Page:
In 1980, the aircraft carrier USS Nimitz is leaving Pearl Harbor for naval exercises in the mid-Pacific. The ship takes on a civilian observer, Warren Lasky (Martin Sheen), a systems analyst working as an efficiency expert for the U.S. Defense Department. At sea, the Nimitz runs into a strange electrical storm vortex. The radar stops working and everyone is in agony for a time. Not sure what’s going on and out of radio contact, Captain Matthew Yelland (Kirk Douglas) is afraid there may have been a nuclear strike on Hawaii or the U.S. mainland. He launches an RF-8 Crusader reconnaissance plane, which photographs Pearl Harbor, but the picture shows a row of ships that had been destroyed in the Japanese attack in 1941.

When something appears on radar, Captain Yelland launches two Grumman F-14 Tomcats. The patrol witnesses a civilian yacht being strafed by two Japanese Mitsubishi Zeros. The F-14s shoot down the Zeros to protect the Nimitz. The sailors rescue from the Yacht U.S. Senator Samuel Chapman (Charles Durning), his aide Laurel Scott (Katherine Ross), and her dog Charlie, plus one of the downed Zero pilots (Soon-Tek Oh).

Commander Owens (James Farentino), who is an amateur historian, recognizes Chapman as a politician who could have been FDR’s running mate during his final election, had Chapman not mysteriously disappeared just before Pearl Harbor.

The Japanese fleet is discovered farther north, poised to launch its attack on Pearl Harbor. The crew of the Nimitz are now certain that they have been transported back in time to the day before the war in the Pacific began. They could destroy the Japanese fleet with their modern weapons, but that would alter the course of History. The American civilians are not informed of this. The Japanese pilot is likewise kept in the dark, but during questioning, he gets his hand on a gun, kills two marines, and takes Scott, Owens, and Lasky hostage. He will kill them unless he is given access to a radio to warn the Japanese fleet. But Owens describes the secret Japanese plans for the attack and the pilot is so stunned that he is easily overcome.

Chapman is outraged that Yellan knows of the coming attack but has not told anyone else, and he demands to be taken to Hawaii in a helicopter to warn the Navy brass. Instead, Yellin orders Owens to fly the civilians to an uninhabited island in the Hawaiian chain. Chapman uses a flare gun to force the pilot to fly to Pearl Harbor. In a struggle, the copter is destroyed and Owens and Scott are stranded on the island. The Nimitz prepares to launch an attack on the Japanese fleet, but the time vortex returns. The ship and its aircraft are returned to 1980, leaving the past unaffected. Returning to Hawaii, Lasky is greeted by his boss, who sent him to the Nimitz in the first place. It is Owens, and with him is Laurel Scott, both forty years older and quite rich.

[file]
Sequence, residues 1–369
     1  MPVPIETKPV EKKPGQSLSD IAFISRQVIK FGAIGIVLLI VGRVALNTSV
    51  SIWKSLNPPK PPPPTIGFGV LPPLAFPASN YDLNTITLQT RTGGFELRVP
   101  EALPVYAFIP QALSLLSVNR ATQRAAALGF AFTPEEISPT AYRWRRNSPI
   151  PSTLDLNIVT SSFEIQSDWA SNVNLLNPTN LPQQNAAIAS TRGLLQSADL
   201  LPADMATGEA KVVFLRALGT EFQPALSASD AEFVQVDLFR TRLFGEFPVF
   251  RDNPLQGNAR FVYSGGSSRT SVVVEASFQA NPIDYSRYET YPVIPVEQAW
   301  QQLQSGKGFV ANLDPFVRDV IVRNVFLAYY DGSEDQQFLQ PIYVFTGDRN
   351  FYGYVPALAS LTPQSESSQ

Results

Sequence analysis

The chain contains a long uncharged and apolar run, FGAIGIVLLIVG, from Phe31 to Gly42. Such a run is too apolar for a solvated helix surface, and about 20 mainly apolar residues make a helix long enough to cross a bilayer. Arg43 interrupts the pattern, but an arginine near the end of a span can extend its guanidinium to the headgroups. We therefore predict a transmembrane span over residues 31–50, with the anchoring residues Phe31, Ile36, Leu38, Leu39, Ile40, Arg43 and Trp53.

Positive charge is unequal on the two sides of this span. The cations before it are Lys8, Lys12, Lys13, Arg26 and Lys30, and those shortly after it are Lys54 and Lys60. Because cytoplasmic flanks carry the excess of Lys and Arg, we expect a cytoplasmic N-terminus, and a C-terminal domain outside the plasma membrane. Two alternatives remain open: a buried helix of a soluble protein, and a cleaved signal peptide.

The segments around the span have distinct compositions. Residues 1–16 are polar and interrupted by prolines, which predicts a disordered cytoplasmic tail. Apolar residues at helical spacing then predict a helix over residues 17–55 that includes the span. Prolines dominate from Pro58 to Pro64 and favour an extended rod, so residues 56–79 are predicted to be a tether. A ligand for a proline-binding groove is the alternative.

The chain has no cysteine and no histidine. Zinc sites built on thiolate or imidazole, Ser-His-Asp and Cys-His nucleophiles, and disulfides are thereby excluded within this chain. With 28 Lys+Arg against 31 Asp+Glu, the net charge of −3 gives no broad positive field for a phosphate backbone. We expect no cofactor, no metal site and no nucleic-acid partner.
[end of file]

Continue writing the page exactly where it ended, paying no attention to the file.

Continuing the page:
The film was produced by Peter Vincent Douglas, son of Kirk Douglas, and Lloyd Kaufman, and directed by Don Taylor. It was mostly filmed on board the USS Nimitz, where the blast from launched fighters blew the camera and cameraman a good distance down the deck, until they learned where to place it. It performed quite well at the box office, but reviewers seemed more interested in the ships and planes than in the story. The U.S. Navy was quite happy to co-operate with the studio. In fact, 48 crewmembers of the Nimitz appeared in the movie. An unusual dogfight featuring planes from the Forties and the Eighties was almost a disaster. In a scene in which an F-14 pulls out of a dive just before crashing into the sea, the scream of the jet added in post-production was the real scream of the pilot’s wife, watching it happen.

In Hungary, communist at the time, the movie was banned because it glorified the U.S. Air Force. But there were copies circulated in which a scene about a Russian trawler spying on the Nimitz was delicately excised. Scenes of the attack on Pearl Harbor used film from Tora! Tora! Tora! (1970). The production had to wrap early so the helicopters and crew could be used in the ill-fated Iranian hostages rescue attempt. The poster of the movie was hung in recruiting offices. Soon-Tek Oh’s casting of a Japanese pilot was criticized because he was Korean, not Japanese, but Korea had been part of the Japanese Empire since 1905, and several thousand Koreans were in the Japanese forces during World War II.

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